NPR logo The Good Listener: How Can I Avoid Love Songs?

The Good Listener

The Good Listener: How Can I Avoid Love Songs?

We get a lot of mail at NPR Music, and alongside the pheromone-laced collars we ordered in the hopes that our cats will stop acting like jerks is a slew of smart questions about how music fits into our lives — and, this week, thoughts on how the heartsick can avoid songs about love, sex and desire.

Brittany writes via email: "I love music. But 99 percent of the time, music is about love — or, worse, its absence — which becomes grating when whatever love/sex/relationship situation I'm in inevitably implodes. Where are all the great songs that aren't about love, sex or desire? They can be about anything else. I just want a killer playlist that doesn't make me constantly relive my failed love life while the wounds are so fresh.

When it seems like every song on earth is about love or its absence, the heartsick need a strategy. hide caption

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When it seems like every song on earth is about love or its absence, the heartsick need a strategy.

Elsewhere on this blog, Bob Boilen is attempting to crowdsource some sort of definitive "Ideal Romantic Song" — an impossible task, given that there are as many kinds of love songs as there are kinds of love. Crowdsourcing a definitive way to combat love songs isn't much easier: Some prefer vitriolic statements of opposition, some seek out instrumental music to steer clear of words entirely, and some, like you, want songs that mercifully change the subject.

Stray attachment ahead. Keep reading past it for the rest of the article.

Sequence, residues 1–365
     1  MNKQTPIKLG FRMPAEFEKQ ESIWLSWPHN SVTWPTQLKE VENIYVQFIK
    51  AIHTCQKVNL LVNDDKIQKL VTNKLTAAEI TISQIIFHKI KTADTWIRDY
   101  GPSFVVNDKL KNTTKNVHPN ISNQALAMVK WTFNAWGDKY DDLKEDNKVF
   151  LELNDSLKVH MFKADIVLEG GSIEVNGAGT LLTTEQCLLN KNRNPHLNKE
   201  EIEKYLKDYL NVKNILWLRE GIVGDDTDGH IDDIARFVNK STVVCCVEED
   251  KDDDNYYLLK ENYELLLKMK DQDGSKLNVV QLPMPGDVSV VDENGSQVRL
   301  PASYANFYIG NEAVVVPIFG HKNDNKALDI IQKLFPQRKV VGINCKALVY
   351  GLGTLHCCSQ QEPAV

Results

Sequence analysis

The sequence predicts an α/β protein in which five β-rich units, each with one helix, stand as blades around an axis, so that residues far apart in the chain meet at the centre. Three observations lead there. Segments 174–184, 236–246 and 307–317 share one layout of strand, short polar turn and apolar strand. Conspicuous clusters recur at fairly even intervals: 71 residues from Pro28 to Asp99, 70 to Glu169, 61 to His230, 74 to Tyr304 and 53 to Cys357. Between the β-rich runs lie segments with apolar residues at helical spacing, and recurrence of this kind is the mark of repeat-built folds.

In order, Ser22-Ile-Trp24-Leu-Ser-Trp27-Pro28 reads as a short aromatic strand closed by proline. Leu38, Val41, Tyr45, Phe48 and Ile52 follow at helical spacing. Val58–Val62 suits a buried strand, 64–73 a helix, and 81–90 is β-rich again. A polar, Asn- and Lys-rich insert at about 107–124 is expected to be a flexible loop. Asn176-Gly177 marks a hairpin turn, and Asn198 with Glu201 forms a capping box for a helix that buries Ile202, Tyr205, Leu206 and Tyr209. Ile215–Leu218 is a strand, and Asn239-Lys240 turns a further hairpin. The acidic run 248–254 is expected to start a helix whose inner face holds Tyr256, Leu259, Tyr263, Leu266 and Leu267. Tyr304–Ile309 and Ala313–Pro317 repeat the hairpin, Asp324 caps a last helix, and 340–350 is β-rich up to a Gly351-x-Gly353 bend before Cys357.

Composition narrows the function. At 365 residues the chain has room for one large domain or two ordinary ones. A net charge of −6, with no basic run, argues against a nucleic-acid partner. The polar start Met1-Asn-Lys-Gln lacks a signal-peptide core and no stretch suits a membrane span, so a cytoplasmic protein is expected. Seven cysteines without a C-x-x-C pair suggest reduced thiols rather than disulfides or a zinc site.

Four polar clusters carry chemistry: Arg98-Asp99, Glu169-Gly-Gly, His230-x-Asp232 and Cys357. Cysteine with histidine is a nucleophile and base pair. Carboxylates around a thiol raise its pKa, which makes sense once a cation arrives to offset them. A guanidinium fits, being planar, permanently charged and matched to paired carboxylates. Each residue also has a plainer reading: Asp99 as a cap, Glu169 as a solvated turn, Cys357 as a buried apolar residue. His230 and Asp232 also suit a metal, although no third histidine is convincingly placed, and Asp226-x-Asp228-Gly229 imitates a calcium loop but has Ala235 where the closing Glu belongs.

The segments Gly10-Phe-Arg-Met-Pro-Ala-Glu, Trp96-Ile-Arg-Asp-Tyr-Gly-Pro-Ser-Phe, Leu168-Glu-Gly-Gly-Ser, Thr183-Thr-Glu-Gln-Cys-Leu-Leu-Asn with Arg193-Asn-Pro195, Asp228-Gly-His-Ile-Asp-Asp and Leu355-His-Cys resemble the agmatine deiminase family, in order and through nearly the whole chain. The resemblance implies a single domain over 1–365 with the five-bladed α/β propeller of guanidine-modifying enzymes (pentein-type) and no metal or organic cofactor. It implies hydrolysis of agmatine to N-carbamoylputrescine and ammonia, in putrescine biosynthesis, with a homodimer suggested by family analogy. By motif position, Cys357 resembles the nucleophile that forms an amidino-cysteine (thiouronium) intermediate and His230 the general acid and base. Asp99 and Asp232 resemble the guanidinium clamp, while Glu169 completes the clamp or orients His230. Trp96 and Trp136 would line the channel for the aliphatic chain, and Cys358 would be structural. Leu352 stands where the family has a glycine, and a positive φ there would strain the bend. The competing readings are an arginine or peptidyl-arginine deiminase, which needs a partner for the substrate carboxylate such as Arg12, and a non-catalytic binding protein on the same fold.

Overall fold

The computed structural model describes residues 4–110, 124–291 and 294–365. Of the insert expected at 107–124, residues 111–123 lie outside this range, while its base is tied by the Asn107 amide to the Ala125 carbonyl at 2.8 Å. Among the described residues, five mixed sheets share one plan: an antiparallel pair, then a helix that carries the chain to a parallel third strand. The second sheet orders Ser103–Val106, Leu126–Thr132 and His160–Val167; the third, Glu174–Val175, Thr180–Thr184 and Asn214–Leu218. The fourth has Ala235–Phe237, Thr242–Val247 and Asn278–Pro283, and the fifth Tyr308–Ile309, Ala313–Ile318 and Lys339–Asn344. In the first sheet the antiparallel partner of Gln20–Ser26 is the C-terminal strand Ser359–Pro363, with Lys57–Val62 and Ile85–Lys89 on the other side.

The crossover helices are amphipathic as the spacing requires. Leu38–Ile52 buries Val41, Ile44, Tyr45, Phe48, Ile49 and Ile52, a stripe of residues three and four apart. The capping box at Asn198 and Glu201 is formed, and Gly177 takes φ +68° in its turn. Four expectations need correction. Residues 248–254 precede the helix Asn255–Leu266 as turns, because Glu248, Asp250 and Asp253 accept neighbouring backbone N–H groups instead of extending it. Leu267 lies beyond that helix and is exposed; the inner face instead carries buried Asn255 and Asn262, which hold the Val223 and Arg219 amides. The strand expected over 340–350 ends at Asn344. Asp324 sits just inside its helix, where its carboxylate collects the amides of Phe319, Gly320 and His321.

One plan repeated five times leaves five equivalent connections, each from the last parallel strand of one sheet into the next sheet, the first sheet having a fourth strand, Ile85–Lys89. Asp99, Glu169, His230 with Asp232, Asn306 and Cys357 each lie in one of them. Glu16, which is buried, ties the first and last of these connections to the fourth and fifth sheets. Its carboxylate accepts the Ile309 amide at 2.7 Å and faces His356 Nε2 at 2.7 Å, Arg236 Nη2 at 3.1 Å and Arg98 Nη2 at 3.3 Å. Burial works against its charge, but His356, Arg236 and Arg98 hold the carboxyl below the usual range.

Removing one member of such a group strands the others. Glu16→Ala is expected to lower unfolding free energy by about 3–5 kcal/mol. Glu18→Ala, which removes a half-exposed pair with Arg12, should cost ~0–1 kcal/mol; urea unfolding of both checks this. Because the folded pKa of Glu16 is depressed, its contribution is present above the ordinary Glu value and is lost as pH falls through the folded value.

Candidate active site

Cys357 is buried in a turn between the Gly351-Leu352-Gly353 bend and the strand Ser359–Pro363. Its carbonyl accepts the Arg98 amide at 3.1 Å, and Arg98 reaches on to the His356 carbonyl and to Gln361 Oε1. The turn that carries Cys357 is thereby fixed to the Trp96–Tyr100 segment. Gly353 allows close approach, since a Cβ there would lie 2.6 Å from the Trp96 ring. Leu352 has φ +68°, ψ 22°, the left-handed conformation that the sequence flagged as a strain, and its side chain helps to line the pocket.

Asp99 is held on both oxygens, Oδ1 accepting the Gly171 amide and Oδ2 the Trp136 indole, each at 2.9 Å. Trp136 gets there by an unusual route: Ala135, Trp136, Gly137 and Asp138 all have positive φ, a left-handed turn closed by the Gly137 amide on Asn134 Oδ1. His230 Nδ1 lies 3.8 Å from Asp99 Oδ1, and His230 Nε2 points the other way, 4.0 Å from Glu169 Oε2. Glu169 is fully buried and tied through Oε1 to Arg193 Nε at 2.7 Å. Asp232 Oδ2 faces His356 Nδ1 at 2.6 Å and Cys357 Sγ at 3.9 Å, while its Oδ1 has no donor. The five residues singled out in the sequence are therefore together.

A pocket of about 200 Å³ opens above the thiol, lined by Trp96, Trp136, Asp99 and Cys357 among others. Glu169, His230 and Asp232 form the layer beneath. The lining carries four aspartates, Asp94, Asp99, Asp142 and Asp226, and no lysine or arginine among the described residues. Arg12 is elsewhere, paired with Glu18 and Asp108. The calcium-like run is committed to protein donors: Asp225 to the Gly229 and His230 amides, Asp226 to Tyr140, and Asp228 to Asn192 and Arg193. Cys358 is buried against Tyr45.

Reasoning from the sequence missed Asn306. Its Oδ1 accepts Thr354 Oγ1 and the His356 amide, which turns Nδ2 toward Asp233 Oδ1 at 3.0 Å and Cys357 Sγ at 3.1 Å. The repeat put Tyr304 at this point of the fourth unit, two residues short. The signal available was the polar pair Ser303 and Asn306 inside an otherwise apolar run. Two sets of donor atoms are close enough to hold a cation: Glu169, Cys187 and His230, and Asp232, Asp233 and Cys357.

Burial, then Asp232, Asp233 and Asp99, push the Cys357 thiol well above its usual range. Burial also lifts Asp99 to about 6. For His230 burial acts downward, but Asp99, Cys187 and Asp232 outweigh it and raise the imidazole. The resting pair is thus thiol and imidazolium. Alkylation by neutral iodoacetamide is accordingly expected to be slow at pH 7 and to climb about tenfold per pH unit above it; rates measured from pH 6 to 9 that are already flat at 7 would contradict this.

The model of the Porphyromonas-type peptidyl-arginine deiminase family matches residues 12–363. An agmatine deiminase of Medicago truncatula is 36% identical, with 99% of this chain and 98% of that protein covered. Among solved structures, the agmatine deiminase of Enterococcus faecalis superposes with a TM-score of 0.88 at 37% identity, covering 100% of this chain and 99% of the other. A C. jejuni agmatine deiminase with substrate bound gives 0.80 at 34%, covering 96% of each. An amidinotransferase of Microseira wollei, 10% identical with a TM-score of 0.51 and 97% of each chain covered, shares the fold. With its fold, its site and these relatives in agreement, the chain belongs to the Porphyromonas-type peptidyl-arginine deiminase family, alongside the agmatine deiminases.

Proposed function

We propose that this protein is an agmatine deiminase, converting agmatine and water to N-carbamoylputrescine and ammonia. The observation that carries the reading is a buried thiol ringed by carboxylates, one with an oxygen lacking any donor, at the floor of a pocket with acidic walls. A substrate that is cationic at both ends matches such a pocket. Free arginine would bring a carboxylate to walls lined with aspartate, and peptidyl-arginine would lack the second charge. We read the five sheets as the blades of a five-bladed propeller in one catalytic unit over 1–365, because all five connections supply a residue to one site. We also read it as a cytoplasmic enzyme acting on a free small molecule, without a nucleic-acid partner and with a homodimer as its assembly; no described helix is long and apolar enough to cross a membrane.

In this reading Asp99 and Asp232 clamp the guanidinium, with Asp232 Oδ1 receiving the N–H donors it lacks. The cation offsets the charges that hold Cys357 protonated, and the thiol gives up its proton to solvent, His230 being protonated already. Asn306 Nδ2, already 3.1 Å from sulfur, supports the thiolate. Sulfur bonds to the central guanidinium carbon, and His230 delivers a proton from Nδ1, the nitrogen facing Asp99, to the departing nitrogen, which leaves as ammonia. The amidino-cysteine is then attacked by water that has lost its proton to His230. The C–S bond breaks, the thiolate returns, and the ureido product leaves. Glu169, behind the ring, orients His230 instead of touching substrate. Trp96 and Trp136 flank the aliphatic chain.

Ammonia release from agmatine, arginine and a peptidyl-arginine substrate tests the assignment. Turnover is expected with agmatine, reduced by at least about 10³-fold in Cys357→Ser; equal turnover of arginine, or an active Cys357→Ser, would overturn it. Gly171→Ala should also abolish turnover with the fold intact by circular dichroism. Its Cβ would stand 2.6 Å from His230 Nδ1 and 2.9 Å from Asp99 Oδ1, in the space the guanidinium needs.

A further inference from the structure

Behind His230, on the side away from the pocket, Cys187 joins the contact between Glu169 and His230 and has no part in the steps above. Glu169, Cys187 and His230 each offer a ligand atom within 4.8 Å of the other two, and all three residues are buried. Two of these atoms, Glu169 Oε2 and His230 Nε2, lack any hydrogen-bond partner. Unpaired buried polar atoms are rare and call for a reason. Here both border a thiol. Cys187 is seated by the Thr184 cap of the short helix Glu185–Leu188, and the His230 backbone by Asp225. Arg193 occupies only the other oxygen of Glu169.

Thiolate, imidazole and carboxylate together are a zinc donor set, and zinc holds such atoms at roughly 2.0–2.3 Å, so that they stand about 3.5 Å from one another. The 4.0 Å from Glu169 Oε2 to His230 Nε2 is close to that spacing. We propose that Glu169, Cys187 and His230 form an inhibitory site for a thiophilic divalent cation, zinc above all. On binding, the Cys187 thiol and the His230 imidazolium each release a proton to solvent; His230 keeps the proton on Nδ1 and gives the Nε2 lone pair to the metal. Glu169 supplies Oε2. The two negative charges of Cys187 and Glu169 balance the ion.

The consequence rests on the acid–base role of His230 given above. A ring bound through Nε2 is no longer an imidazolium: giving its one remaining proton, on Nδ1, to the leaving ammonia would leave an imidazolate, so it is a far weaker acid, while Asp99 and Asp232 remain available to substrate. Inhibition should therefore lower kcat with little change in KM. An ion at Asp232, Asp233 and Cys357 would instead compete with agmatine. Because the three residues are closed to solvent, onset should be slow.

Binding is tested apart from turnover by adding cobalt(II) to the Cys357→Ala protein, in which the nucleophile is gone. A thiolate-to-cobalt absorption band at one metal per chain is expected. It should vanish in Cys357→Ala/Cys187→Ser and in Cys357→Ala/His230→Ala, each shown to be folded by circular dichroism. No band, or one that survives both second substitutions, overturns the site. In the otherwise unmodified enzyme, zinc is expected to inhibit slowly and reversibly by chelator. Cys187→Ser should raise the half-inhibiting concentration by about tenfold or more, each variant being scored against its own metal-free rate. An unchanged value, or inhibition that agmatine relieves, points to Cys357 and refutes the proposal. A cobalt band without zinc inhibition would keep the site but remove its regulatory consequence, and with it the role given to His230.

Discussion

The path you've chosen is the trickiest, really, and requires the most advance preparation. Any chump can point you to visceral shout-along catharsis — if you ever want to go that route, allow me to steer you in the direction of a little band called The Mountain Goats — and any algorithm can feed you an endless stream of wordless music. But if you know that love songs will serve as painful triggers during future bouts of heartbreak, then you'll need to think ahead.

Given that you're looking at heartbreak as a down-the-road condition rather than one in which you're currently mired, you have an opportunity to get ahead of the situation. However you organize and listen to music — iTunes, Spotify, CDR mixes, shelves you set aside for piano rolls you've sorted by mood — there's a way to begin building a playlist of songs you like that trigger only platonic emotions. Title it "Comfort Food" or "Anything But Love" or whatever you'd like, but curate it constantly as you notice songs that remain blessedly neutral. As an added bonus, the more you file away songs about cars and death and summertime and nothingness and partying and friendship, the more you'll find that nowhere near 99 percent of all music is actually love-themed.

The important thing, though, is knowing upfront that when heartbreak looms, you'll have one less reason to feel overwhelmed by the world around you. That playlist is your "In Case Of Devastation, Break Glass" fallback — always there when you need it. Here's hoping you never do.

Got a music-related question you want answered? Leave it in the comments, drop us an email at or tweet @allsongs.